The situation is quickly deteriorating, and Iran is not the only target. A diplomat, speaking on condition of anonymity, confirmed that rockets were fired into Baghdad’s Green Zone and landed near to the U.S. Embassy during the internet blockade, indicating these protests are against any foreign interventionism in Iraq, be it Iranian, American, or Saudi. These protests have had a strong sense of Iraqi patriotism, with the activists referring to the movement as a “civilian movement,” suggesting a post-Islamist movement in Iraq growing from the “traumatic experience of sectarian violence,” as the researcher Zahra Ali put it. 

Given the rising tensions and corruption in Iraq, the relative lull in violence since the collapse of the Islamic State should never have been seen as more than a momentary pause in conflict. Writing for Foreign Policy last year, I predicted that should underlying grievances persist, further outbursts of violence could be expected. Now, the unifying factor of a common evil in the Islamic State no longer exists, and Iraqi patriotism does not continue to extend to include support of the government, deemed to have achieved nothing for the people of Iraq. The root causes of grievances in Iraq have never been addressed; when heavily armed and trained fighters return home to a lack of jobs and housing in a country suffering from widespread corruption, that is a recipe for civil unrest.

Saadi’s cause proved to be the final straw for Iraqis. It provided the outlet for Iraqis to revolt against the ruling elite in their central government. With many countries functioning at a deficit, Iraq’s government budget recorded a surplus between 2018 and 2019 of 8 percent of its GDP. But such economic progress has not translated to improved public services, job opportunities, or security for the majority of Iraqis, as corruption is heavily discernible throughout Iraq’s ruling elite, consigning Iraq to being ranked the world’s 13th most corrupt country. 

Reforms privatizing many of Iraq’s industries have continued to devastate Iraq’s public sector and have not promoted job opportunities in Iraq, as Iraq’s employment rate dropped to a record low of 28 percent in 2018. One in four of Iraqi children continue to live in poverty, while families struggle to find stability. The abundance of Iraq’s natural resources has failed to support its citizens, producing a lack of electrical infrastructure, access to clean water, and effective health care. In some parts of Iraq, 90 percent of school-aged children are not in the education system.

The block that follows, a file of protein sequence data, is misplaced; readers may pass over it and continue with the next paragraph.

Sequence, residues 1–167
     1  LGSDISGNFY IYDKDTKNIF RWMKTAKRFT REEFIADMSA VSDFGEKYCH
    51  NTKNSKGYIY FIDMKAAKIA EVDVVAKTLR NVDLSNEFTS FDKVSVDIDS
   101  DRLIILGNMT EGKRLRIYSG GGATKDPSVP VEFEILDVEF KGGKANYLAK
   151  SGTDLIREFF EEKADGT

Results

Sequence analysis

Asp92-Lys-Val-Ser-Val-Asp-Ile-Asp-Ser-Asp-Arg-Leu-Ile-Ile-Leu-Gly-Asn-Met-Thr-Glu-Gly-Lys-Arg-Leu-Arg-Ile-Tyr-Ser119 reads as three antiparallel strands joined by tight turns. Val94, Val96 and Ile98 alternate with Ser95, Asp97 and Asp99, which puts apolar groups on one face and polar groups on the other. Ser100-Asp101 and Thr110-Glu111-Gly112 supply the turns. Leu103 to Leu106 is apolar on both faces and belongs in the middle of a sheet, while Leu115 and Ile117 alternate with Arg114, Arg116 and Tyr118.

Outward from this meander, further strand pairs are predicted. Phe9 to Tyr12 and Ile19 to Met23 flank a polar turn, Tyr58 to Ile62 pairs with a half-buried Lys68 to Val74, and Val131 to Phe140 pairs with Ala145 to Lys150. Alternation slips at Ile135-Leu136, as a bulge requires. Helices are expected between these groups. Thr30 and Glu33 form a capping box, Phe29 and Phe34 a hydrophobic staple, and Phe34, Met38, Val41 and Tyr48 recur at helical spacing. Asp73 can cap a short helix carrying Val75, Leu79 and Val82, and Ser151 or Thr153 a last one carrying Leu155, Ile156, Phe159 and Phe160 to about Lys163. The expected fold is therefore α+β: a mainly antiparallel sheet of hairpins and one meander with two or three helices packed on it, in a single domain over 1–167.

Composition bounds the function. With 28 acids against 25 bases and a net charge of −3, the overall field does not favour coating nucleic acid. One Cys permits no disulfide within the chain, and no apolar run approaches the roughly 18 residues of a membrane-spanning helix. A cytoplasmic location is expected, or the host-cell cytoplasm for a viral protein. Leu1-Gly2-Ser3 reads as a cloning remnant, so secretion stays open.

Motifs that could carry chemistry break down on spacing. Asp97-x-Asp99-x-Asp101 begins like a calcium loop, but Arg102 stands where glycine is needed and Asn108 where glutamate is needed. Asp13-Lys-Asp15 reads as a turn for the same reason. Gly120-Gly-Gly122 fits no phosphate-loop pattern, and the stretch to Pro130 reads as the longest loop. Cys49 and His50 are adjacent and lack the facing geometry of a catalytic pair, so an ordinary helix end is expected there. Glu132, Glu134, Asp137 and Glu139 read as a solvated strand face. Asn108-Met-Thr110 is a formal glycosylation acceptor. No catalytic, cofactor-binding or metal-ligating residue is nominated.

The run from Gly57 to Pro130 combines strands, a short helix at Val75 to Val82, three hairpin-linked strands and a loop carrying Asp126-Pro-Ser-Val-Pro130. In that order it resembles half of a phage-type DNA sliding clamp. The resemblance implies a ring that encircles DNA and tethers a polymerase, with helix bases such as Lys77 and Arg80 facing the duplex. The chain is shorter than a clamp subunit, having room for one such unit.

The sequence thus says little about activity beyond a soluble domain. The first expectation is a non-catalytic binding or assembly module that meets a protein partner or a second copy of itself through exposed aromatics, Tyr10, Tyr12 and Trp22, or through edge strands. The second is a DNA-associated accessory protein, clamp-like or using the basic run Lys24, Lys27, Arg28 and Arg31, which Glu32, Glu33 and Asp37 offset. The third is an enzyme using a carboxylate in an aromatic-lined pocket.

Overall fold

Similar to the protests of the Arab Spring, this largely Shiite-led movement lacks any well-defined direction, leadership, or a clear set of demands, leading Abdul Mahdi to refer to the protesters as “rioters” and belittle the legitimate grievances of Iraq’s citizens. The fact that members of the powerful Iran-backed PMF, who could potentially instigate a civil war, have not yet become involved suggests that Iran disapproves of the protests and, to its benefit, continues to support the status quo. Protests in Sunni-majority cities in Iraq have yet to come to fruition, as their inhabitants are either living in camps or fear stigmatization as terrorists.

Iraq’s government under the premiership of Abdul Mahdi, just short of a year old and heavily influenced by the political wing of the PMF, has responded violently. Applying both curfews and internet blockades, the government’s clampdown has resulted in about 100 deaths and thousands of injuries in the protests.

Further polarizing the Iraqi protesters, Abdul Mahdi said on Facebook that he vows to “to learn the reasons” behind the protests, despite his government being the source of grievance, as protesters exclaim, “The people want the collapse of the regime.” Abdul Mahdi’s immediate violent response to the protests, compared with former Prime Minister Abadi’s response to protests, suggests that this government fears the civil unrest could topple its leadership. 

For too long, Iraq has been a playground for regional influence and interests. The protests should remind the government whom it is ultimately accountable to, after having become far too complacent over recent months, basking in the post-Islamic State world of ostensible security. 

The ruling elite have been detached from the harsh realities of everyday life in Iraq. The grievances that paved the way for Iraq’s sectarian violence in 2007, the civil unrest of 2011, the rise of the Islamic State in 2014, and the Basra protests have yet to be addressed. Coupled with rising U.S.-Iranian tensions, the effective dismissal of Gen. Saadi should serve as a reminder that the solution for Iraq is major reform to counter corruption and support public services for an increasingly frustrated population.


Ahmed Twaij is an independent Middle East analyst and an advisor to the Iraqi nongovernmental organization Sanad for Peacebuilding. He is also a photojournalist and has worked with a number of international humanitarian and human rights organizations. Twitter: @twaiji